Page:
The Fiji National University has claimed the prestigious GUPES Green Gown Award for the Asia and Pacific region for its sustainable community project conducted in the interior of Ba Province.
FNU Vice Chancellor, Professor Nigel Healey was thrilled with the win and said it has uplifted the profile of the University.
“We are very honoured to receive this GUPES Green Gown Award, which recognises the major contribution FNU has made to sustainability in the South Pacific. This important work demonstrates that resilience can be achieved through simple practical measures that don’t require major external funding. Sustainability can be bottom-up, using practical means of adaptation that create shared interest and mutual interconnectedness, emphasises traditional knowledge and strengthen institutional research and development endeavours in Small Islands Developing States. It is gratifying that FNU’s pioneering work is being recognised internationally for its impact,” said Professor Healey.
The Green Gown Awards recognise the exceptional sustainability initiatives being undertaken by universities and colleges across the world.
The competition is the first of its kind with universities from five global regions – Asia and the Pacific, Latin America and the Caribbean, Europe and North America – going head to head to compete and showcase the different projects undertaken by the universities in their different countries to lead sustainable living.
FNU’s Centre for Sustainable Technology and Development represented the country’s very own national university to the competition with its community project being carried out in Ba.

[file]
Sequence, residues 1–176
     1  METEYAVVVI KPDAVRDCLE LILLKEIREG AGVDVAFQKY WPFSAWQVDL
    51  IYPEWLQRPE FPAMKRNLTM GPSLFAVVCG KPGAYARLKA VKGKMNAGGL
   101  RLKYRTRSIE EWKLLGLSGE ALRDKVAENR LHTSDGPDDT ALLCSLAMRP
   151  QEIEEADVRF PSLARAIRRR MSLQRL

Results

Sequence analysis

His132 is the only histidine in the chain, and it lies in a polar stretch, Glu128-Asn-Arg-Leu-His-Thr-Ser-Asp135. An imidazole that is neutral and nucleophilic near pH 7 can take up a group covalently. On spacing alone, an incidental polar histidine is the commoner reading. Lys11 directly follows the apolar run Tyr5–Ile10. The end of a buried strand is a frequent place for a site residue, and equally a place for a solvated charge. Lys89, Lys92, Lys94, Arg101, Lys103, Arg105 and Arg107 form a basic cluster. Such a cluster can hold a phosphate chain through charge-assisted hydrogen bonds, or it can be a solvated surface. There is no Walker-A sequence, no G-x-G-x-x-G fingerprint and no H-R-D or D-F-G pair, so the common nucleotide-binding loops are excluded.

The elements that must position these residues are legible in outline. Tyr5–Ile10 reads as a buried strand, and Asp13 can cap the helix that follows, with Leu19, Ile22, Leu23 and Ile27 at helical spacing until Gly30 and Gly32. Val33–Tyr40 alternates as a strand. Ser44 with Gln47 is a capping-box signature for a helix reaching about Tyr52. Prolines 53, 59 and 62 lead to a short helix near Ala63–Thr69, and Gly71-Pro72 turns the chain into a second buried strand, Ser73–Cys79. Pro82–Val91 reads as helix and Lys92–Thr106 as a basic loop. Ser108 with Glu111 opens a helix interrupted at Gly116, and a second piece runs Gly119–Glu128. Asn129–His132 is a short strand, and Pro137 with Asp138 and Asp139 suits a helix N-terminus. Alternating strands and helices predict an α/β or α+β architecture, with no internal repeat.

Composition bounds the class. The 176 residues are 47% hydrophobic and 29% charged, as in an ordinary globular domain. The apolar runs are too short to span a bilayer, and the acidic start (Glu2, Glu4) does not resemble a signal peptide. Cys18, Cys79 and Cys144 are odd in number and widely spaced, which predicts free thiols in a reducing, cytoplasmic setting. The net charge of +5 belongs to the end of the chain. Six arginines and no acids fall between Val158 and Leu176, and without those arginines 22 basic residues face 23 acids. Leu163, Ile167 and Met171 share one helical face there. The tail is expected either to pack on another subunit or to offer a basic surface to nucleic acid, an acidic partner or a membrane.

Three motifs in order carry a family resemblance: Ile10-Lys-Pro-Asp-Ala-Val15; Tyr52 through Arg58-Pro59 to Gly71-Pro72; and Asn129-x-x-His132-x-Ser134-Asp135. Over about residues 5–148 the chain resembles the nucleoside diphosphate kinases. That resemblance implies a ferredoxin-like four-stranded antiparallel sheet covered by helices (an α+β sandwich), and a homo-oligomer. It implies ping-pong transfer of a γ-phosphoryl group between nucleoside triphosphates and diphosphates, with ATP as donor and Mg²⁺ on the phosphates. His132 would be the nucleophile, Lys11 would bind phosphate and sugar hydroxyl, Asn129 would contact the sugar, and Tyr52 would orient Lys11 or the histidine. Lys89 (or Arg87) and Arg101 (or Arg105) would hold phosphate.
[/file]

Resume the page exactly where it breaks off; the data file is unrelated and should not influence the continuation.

Prone to flash flooding and landslide in the rainy season, the climate smart landscape project aims in carrying out watership protection works using traditional Fijian agroforestry systems and slow conservation to enhance community resilience to climate change in the six upper watershed communities in Ba.
CSTD Director, Professor Dan Orcherton said the use of Fijian traditional agroforestry systems was the best way to protect vulnerable areas in Ba.
“What was done on the project was that we installed six tree nurseries. One main nursery in Navala Village and five other satellite nurseries for native plant and tree propagation and seed production in Nadugu, Nakoroboya, Nanoko, Koro and Bukuya,” said Professor Orcherton.
In addition to the nurseries, the team also planted over 300 hectares of native trees and 100 hectares of vetiver grass.
The CSTD Director said the project was groundbreaking, cost effective and practical in Fiji in terms of gender base empowering of man and women to implement for themselves the climate smart landscape that incorporate climate change adaptation and reduction of carbon dioxide emission through the planting of native tree species.